Monday, November 1, 2010

Meh...... So Which One Was Accurate?

Imagine you are back in Ancient Greece trying to measure your farm again. Fun! Now, when we take our time machine back and use our metre stick, we find out that the length of the farm is 25.87m. However back in Ancient Greece, you didn't have the luxury of the metre stick. So thus, we go back to using our armspans.

Let's just settle with 1 armspan=1m. You settle with the length as 26 armspans because... Well, you counted 26 armspans. Now let's say we now travel to the future and use some sort of metre-sticko-whiz. And the number comes out as 29.283928347817341203497m. So which is accurate and which is precise? Here is your answer:

When something is accurate, the value/number is CLOSE to the actual measurement. So essentially it is the correctness of a measurement. However if something is precise, it is a reproducible measurement, and usually has more significant digits.

So what's the answer? 26 armspans is accurate, and 29.283928.......m is precise. An example of an accurate YET precise reading would be 28.8671023934871m.

Like how everything in this world isn't perfect, no measurement is perfect. Which concludes that no measurement is exact. It is only when we count (tangible) objects, we get exact measurements. For example, 30 people in the class. We cannot have 29.5 people, can we? That would just be awkward.

Absolute uncertainty is the expressed uncertainty in a certain measurement. So how on earth do we do something like that? Luckily, there are two methods.

Method number glorious one. Make at least three measurements when measuring whatever. Then calculate the average of all your measurements; The absolute uncertainty is the largest range between the lowest measurement measured and the highest. However there is one catch--You MUST throw away, crumble up, burn to ashes, sautee, and sprinkle over Donald Trump's combover, numbers that do not "belong". Let's say you have four measurements. 1.) 16.88 2.)19.89 3.)16.50 4.)16.94. Which is the odd one out? Obviously measurement number two must be discarded.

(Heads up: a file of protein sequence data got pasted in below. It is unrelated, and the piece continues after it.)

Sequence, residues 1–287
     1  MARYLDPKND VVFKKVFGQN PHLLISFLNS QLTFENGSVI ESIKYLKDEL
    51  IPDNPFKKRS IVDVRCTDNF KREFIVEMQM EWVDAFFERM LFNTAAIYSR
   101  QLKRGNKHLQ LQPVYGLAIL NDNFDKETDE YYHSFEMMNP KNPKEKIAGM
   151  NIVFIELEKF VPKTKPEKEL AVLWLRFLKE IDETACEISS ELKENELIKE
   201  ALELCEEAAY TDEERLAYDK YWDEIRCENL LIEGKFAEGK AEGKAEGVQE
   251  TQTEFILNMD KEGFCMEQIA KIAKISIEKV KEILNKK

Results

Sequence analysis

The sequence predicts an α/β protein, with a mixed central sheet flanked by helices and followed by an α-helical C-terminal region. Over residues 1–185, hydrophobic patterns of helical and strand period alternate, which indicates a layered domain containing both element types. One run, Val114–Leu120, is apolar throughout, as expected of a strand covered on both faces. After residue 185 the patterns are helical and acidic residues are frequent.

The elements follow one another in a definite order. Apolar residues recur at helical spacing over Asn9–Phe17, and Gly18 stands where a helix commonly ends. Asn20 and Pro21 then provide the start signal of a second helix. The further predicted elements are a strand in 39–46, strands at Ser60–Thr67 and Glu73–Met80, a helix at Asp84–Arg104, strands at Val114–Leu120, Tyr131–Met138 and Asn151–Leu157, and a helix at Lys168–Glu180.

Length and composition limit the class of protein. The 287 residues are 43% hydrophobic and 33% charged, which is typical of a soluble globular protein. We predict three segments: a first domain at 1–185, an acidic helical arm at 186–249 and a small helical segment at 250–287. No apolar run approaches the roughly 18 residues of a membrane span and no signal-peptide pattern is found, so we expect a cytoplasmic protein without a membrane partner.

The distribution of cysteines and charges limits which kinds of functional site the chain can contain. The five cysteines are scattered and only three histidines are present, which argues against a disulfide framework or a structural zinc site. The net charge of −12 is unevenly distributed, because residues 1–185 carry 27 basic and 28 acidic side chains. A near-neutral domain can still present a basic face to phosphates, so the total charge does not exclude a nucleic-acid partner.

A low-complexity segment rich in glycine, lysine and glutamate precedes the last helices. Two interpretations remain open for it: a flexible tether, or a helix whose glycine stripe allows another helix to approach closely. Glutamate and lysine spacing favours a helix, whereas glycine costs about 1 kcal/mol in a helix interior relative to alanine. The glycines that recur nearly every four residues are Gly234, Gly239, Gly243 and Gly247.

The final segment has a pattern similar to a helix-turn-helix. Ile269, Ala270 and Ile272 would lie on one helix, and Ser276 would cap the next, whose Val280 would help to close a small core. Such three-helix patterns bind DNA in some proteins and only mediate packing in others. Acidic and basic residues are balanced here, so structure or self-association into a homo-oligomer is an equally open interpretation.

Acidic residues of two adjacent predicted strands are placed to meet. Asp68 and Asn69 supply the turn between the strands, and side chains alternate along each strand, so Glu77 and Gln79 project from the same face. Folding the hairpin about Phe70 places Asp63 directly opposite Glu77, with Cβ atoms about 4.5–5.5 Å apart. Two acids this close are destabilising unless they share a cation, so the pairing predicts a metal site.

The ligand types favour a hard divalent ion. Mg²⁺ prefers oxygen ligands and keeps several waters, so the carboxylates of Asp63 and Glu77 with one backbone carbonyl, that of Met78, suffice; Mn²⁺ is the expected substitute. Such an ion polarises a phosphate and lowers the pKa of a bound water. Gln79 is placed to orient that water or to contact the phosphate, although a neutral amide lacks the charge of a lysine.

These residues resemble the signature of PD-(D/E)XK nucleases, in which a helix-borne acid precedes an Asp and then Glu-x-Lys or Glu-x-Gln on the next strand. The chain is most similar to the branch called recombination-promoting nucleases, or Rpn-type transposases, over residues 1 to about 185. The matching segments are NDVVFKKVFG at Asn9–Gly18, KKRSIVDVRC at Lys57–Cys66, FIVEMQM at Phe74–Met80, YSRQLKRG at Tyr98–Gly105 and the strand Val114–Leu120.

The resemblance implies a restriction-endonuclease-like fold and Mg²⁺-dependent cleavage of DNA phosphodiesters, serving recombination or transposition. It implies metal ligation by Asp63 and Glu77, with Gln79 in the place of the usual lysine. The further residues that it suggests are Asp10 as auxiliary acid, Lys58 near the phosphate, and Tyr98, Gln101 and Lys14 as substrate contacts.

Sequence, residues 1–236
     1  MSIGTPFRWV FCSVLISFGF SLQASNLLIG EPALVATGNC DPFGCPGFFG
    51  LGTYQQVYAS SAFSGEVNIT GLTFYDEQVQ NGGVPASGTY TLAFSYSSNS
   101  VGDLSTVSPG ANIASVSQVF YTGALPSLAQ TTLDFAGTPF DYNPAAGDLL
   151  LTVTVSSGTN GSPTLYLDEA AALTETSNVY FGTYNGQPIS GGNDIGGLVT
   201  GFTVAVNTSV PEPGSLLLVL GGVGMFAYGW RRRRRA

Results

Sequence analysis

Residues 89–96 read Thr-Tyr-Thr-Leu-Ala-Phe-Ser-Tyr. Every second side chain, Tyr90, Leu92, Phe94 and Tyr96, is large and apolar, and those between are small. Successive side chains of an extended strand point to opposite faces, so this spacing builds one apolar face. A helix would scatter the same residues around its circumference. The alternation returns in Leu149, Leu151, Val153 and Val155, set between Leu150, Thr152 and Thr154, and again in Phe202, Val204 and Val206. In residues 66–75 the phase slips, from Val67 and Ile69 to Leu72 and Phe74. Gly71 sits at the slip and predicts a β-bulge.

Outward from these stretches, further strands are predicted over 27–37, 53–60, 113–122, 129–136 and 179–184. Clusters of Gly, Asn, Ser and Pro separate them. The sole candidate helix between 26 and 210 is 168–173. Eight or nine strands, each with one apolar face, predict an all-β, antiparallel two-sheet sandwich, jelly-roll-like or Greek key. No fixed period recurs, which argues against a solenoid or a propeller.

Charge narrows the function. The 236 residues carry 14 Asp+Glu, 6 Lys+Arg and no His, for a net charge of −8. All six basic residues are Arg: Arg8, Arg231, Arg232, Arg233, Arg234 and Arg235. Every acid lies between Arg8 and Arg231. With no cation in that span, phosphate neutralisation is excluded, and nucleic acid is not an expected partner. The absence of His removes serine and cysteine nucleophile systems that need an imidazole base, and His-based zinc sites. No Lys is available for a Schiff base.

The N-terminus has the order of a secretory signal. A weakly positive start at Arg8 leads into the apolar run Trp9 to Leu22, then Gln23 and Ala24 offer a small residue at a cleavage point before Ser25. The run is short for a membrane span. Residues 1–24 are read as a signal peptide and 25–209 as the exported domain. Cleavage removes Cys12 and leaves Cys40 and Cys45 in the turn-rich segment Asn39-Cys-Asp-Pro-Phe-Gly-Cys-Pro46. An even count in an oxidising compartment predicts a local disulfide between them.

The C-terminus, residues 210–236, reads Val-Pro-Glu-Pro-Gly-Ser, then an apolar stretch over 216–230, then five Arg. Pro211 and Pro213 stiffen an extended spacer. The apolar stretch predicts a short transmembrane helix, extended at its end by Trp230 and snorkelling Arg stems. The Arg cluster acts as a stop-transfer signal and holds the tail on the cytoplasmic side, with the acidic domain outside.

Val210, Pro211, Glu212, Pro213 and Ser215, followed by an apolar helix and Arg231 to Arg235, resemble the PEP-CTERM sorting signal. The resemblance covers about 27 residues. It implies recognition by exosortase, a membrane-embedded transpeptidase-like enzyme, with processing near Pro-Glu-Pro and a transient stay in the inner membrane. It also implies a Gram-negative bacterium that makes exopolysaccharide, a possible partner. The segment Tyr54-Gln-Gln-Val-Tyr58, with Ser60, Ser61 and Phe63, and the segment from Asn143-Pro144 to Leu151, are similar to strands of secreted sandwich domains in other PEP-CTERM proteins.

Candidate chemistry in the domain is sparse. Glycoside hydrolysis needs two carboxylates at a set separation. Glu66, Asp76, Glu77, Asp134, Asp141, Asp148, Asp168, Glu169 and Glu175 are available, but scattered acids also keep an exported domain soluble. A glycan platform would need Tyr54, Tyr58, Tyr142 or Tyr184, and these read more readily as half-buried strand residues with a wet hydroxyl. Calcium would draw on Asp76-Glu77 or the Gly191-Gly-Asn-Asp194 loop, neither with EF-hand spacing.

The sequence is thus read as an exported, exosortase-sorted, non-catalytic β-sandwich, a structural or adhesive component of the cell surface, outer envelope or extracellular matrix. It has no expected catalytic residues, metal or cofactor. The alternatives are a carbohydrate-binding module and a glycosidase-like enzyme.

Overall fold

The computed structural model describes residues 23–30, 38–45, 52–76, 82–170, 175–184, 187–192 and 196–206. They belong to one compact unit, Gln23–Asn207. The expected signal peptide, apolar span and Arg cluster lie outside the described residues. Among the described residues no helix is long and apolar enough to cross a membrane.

Method number two. Just simply determine the uncertainty of each measurement you make. Just use the eyes that God gave you, and use them to the best of your ability, and measure as precisely and accurately as you can. You should estimate at least to the 10th of a fraction of each increment on a measuring utensil. For example if a test tube went up in increments of 1, your uncertainty would be +- 0.1.

RELATIVE UNCERTAINTY This HAS to be expressed as a percent. (I learnt it the hard way by getting a mark off my assignment). The number of sig figs in a measurement indicates the relative uncertainty. Remember that the number of significant figures all certain digits plus all uncertain digits. There is a general formula for relative uncertainty: (Absolute uncertainty/estimated measurement) x 100

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